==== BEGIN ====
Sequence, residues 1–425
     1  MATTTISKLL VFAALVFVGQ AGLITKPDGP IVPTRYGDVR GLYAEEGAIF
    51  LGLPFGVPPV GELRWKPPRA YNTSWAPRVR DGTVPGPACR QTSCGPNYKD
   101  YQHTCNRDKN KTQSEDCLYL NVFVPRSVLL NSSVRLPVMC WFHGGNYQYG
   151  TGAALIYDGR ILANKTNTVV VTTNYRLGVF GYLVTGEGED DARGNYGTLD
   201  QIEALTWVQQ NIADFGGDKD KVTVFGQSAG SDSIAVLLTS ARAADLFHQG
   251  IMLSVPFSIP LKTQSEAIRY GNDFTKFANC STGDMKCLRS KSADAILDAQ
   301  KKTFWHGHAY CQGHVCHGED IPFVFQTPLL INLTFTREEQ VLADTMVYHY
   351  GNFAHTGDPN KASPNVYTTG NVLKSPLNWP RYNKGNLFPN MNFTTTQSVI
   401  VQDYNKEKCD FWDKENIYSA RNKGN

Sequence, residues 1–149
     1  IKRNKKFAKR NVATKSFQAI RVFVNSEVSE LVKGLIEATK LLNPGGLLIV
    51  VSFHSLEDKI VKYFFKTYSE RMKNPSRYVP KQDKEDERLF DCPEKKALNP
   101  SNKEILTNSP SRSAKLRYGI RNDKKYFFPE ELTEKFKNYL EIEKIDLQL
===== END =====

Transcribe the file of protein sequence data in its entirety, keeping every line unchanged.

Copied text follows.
Sequence, residues 1–425
     1  MATTTISKLL VFAALVFVGQ AGLITKPDGP IVPTRYGDVR GLYAEEGAIF
    51  LGLPFGVPPV GELRWKPPRA YNTSWAPRVR DGTVPGPACR QTSCGPNYKD
   101  YQHTCNRDKN KTQSEDCLYL NVFVPRSVLL NSSVRLPVMC WFHGGNYQYG
   151  TGAALIYDGR ILANKTNTVV VTTNYRLGVF GYLVTGEGED DARGNYGTLD
   201  QIEALTWVQQ NIADFGGDKD KVTVFGQSAG SDSIAVLLTS ARAADLFHQG
   251  IMLSVPFSIP LKTQSEAIRY GNDFTKFANC STGDMKCLRS KSADAILDAQ
   301  KKTFWHGHAY CQGHVCHGED IPFVFQTPLL INLTFTREEQ VLADTMVYHY
   351  GNFAHTGDPN KASPNVYTTG NVLKSPLNWP RYNKGNLFPN MNFTTTQSVI
   401  VQDYNKEKCD FWDKENIYSA RNKGN

Sequence, residues 1–149
     1  IKRNKKFAKR NVATKSFQAI RVFVNSEVSE LVKGLIEATK LLNPGGLLIV
    51  VSFHSLEDKI VKYFFKTYSE RMKNPSRYVP KQDKEDERLF DCPEKKALNP
   101  SNKEILTNSP SRSAKLRYGI RNDKKYFFPE ELTEKFKNYL EIEKIDLQL